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Designing Database Server Security Policies
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Using the Local Service Account
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The Local Service account is a special built-in account whose default rights and access permissions are equivalent to those of a member of the Users group. When this account is used as a service account, the minimal level of privileges assigned to it pro vides an extra level of protection if the account is compromised. The cost of increased security is lower functionality; services that run as the Local Service account can access network resources only as a null session with no credentials.
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Using the Network Service Account
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Similar to the Local Service account, the Network Service account is a special built-in account whose default rights and access permissions to local objects are equivalent to those of a member of the Users group. Unlike the Local Service account, however, the Network Service account can access network resources by using the credentials of the local computer s computer account. (The local computer s computer account includes rights and permissions that exceed those needed for the SQL Server and SQL Server Agent services. For this reason, Microsoft recommends that you do not use the Network Service account as a service account for these services.)
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The Local System account is a built-in user account with the most powerful set of rights and permissions on the system and is a common target for exploitation by attackers. In production environments, you should generally avoid using the Local System account as the service account for SQL Server services. For increased security, run SQL Server services under a Windows account with the lowest required privileges.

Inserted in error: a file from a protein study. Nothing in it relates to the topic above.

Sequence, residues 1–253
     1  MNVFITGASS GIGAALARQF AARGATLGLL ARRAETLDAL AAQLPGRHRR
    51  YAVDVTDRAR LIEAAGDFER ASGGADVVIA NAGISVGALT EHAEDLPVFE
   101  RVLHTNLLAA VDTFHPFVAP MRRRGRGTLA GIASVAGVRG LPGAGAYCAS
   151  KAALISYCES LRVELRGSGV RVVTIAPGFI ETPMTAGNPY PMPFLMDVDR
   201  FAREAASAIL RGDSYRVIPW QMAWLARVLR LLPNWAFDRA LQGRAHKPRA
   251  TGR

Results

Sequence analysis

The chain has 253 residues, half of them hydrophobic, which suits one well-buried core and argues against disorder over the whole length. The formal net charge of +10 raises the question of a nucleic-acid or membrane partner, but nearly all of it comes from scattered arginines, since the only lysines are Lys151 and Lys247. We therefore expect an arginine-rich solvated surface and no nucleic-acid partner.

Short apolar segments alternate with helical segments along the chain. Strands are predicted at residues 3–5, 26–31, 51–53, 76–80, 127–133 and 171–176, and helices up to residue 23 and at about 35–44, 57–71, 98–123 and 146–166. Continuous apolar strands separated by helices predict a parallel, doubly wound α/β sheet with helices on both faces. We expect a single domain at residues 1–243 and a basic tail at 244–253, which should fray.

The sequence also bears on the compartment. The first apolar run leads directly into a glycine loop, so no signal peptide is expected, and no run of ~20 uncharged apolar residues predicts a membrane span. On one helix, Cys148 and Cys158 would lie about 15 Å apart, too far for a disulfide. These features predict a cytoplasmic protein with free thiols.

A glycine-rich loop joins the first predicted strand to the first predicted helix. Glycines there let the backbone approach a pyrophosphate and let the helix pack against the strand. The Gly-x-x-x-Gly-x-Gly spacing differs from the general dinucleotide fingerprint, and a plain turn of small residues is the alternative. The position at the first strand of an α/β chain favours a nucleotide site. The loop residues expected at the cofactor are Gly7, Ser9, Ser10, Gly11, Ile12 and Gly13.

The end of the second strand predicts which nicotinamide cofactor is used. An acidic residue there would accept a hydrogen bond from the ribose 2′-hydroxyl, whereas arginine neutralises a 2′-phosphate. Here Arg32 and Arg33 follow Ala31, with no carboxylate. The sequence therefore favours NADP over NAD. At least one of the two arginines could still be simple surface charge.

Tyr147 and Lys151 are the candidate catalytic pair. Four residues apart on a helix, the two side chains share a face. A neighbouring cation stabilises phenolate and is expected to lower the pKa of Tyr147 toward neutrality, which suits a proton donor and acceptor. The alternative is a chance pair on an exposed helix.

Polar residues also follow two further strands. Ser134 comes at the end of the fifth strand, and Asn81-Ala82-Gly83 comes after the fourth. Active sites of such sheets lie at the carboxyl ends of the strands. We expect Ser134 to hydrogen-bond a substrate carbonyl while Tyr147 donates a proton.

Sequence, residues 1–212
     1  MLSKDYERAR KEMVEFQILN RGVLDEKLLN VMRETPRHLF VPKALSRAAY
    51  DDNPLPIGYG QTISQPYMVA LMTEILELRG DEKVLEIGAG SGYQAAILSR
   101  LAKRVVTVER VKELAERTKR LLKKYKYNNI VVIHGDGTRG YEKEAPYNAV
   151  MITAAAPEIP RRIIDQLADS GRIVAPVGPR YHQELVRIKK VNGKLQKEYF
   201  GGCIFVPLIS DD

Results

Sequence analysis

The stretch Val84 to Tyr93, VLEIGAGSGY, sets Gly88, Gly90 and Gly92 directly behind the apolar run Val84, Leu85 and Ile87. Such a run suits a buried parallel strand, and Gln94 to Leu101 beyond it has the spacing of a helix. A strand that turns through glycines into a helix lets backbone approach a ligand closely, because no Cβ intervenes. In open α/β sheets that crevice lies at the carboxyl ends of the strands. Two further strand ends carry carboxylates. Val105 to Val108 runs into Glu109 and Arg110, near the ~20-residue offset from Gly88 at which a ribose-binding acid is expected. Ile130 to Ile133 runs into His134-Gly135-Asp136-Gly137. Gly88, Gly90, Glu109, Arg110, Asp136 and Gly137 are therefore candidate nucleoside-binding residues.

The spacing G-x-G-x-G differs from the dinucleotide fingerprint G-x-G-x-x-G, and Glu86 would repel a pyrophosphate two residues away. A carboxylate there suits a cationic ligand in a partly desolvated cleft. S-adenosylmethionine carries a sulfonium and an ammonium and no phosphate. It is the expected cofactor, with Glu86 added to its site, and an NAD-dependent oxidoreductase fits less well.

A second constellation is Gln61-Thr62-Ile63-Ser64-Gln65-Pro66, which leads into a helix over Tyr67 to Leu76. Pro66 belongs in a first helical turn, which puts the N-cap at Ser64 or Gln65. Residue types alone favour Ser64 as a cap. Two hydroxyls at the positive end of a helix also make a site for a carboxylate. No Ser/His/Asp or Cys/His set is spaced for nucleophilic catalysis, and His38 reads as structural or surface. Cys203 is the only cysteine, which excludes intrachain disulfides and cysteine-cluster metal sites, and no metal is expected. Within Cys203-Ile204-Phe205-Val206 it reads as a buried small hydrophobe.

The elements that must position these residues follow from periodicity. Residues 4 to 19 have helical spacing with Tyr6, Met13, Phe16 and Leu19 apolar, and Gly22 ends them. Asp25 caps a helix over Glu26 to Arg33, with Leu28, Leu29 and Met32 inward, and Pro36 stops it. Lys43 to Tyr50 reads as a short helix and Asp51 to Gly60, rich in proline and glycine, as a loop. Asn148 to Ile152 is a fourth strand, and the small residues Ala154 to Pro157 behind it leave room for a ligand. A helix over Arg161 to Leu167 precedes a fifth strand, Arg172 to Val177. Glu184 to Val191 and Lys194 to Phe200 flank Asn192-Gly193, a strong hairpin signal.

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After you specify an account for each SQL Server service, SQL Server Setup creates Windows group accounts for the different SQL Server services and adds the service accounts to these group accounts. These newly created user groups are given the min imum rights and permissions required to run the service. These groups are shown in Table 4-3.
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Exam Tip You need to recognize and understand the function of the service group accounts for the 70-443 exam. If you want to change the service account associated with a SQL Server service after Setup, the best way to ensure that the minimum rights and permissions for the service are granted to the account is by adding that account to the relevant Windows group.
Lesson 3: Reducing the Attack Surface of SQL Server 2005
Table 4-3
Windows Group Accounts for SQL Server 2005
SQL Server Service SQL Server
Associated Windows Group Account SQLServer2005MS SQLUser$ InstanceName
Rights and Permissions Granted Log on as a service.
Act as part of the operating sys
tem (only on Windows 2000).
Log on as a batch job.
Replace a process-level token.
Bypass traverse checking.
Adjust memory quotas for a
process.